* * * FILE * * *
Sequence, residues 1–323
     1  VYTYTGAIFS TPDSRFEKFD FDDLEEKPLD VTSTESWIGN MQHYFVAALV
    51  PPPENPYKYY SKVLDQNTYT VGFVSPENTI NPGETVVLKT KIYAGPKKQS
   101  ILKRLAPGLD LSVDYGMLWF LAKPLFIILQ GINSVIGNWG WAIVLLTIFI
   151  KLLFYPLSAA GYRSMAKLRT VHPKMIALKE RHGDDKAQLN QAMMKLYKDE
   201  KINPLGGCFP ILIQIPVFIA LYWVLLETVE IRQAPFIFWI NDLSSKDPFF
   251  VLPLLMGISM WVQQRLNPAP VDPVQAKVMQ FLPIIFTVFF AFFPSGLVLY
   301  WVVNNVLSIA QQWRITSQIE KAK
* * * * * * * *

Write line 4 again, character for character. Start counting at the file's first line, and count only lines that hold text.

   101  ILKRLAPGLD LSVDYGMLWF LAKPLFIILQ GINSVIGNWG WAIVLLTIFI